White House Finally Going Solar
Last week, the White House began installing American-made solar panels, which will help demonstrate that historic buildings can incorporate solar energy and efficiency upgrades, reports the Washington Post.
In 2010 President Obama pledged to install solar panels on his official residence as a sign of his commitment to renewable energy, and White House officials told the Post this was part of an overall energy efficiency effort.
But the building has had solar panels installed on it before, only to be taken out later. In the 1970s, President Jimmy Carter had 32 panels installed to heat water, but President Ronald Reagan had them taken out in the 1980s. Later, President George W. Bush had solar thermal units and photovoltaics installed on a maintenance building to heat the swimming pool.
Climate activists who lobbied Obama to go solar welcomed the news. The Solar Energy Industry Association (SEIA) lauded the announcement, stating that installing solar panels on America’s most famous building would underscore the technology’s growing popularity.
According to SEIA, the US has 30 utility-scale solar projects under construction now that deploy either photovoltaic technology or concentrating solar power. Installed solar electric capacity totals 8,500 MW, and half of all new generation units added to the grid in 2013 come from solar sources, SEIA says.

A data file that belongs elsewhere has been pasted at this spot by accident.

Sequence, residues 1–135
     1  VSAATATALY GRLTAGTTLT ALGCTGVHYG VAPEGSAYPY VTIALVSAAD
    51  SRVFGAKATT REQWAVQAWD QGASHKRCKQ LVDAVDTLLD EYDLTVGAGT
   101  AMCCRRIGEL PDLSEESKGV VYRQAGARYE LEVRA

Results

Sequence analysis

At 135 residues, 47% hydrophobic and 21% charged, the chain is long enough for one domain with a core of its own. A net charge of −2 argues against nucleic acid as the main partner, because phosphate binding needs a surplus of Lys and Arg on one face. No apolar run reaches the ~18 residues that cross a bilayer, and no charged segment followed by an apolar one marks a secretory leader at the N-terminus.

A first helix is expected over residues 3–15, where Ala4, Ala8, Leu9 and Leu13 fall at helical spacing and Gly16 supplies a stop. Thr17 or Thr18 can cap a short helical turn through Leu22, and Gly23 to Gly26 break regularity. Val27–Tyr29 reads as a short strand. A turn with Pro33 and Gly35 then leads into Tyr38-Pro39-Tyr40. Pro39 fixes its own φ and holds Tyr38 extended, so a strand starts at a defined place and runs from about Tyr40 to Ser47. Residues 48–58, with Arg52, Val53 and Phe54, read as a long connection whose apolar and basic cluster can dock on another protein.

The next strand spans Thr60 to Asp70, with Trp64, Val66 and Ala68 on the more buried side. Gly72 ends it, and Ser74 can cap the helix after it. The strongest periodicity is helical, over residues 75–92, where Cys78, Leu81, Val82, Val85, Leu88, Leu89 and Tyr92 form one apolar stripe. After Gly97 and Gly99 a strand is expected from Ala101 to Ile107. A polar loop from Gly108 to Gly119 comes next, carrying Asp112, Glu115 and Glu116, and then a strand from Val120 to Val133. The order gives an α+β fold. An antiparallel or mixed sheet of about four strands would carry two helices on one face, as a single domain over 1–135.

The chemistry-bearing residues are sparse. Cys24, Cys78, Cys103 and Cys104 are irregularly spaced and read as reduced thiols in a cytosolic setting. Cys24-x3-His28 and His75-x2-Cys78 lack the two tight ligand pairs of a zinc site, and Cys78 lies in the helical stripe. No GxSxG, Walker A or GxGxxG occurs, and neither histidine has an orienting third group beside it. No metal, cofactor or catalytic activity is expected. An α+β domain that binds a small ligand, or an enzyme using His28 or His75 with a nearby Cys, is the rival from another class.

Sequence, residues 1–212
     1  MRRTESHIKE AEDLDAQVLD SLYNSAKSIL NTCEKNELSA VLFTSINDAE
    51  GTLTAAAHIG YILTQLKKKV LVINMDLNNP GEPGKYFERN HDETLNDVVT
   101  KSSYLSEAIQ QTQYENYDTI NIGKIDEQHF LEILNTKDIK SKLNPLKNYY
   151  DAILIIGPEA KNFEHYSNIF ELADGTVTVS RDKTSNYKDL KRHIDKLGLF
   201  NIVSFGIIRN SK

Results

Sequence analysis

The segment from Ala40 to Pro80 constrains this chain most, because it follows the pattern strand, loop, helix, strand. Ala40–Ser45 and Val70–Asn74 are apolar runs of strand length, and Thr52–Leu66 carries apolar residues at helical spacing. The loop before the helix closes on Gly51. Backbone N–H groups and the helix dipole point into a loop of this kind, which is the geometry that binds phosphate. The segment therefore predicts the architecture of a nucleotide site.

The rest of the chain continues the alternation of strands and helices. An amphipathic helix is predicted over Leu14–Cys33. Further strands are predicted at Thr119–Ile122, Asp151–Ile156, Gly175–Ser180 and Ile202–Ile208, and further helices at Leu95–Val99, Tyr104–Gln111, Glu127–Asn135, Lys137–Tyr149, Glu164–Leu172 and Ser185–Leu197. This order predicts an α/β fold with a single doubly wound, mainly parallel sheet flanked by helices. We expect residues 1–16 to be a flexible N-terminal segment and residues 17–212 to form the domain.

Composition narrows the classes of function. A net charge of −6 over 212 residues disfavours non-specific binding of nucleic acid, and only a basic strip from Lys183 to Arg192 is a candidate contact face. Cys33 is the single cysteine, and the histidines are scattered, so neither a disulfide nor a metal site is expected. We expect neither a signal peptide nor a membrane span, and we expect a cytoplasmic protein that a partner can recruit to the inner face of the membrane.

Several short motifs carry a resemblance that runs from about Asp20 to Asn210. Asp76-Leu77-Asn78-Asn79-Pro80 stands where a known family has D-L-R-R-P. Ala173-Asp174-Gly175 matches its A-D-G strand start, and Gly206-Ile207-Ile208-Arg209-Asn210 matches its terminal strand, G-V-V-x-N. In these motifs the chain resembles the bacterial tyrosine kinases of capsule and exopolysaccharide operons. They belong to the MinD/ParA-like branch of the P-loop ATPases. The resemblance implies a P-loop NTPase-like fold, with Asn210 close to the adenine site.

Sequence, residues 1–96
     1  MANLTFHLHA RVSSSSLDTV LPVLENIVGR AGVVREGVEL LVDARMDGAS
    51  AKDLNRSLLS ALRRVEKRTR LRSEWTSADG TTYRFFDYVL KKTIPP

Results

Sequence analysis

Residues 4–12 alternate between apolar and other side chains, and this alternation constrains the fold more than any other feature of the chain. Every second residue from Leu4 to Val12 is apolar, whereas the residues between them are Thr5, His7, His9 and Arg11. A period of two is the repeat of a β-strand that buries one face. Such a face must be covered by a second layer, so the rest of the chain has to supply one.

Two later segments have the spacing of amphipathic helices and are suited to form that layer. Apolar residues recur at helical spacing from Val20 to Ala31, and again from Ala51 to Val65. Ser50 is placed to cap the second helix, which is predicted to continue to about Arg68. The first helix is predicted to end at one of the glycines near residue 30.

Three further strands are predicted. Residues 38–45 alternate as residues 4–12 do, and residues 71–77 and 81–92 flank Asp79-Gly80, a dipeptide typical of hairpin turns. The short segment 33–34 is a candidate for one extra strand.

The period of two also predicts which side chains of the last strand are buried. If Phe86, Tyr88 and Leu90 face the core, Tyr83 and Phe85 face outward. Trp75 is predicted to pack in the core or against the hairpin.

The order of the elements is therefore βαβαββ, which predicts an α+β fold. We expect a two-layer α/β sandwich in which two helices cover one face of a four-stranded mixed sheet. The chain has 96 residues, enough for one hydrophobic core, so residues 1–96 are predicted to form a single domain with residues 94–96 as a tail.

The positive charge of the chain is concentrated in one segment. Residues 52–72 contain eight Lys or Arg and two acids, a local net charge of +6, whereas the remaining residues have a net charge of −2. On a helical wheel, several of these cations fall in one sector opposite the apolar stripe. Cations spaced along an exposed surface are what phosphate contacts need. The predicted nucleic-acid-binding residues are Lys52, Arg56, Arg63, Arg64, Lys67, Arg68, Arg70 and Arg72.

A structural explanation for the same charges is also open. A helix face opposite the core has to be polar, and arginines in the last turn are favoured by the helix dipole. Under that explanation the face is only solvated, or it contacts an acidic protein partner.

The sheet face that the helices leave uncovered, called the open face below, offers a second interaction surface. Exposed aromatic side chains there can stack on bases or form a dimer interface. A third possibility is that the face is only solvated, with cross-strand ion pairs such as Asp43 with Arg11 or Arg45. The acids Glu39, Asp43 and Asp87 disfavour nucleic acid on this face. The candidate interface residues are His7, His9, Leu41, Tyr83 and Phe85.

Part of Obama’s second term climate change plan involves having the federal government and the US Army, Navy and Air Force rely on 20 percent or more of renewable energy by 2020, reports the Post.
In January, the US Army dedicated its largest solar photovoltaic system at White Sands Missile Range. Developed in coordination with the US Army Engineering and Support Center – Huntsville, Siemens Government Technologies and Bostonia, the 4.1 MW White Sands Missile Range solar energy system will generate 10 million kWh of electricity annually and provide an estimated annual savings of $930,000.
Complemented by a 375 kW solar carport, the solar array deployed at White Sands will supply approximately 10 percent of the total power used at the installation.
Why bring buildings online? What information can operations teams glean from real-time data that they can’t just get from the monthly data provided by utility companies? Click to learn more.
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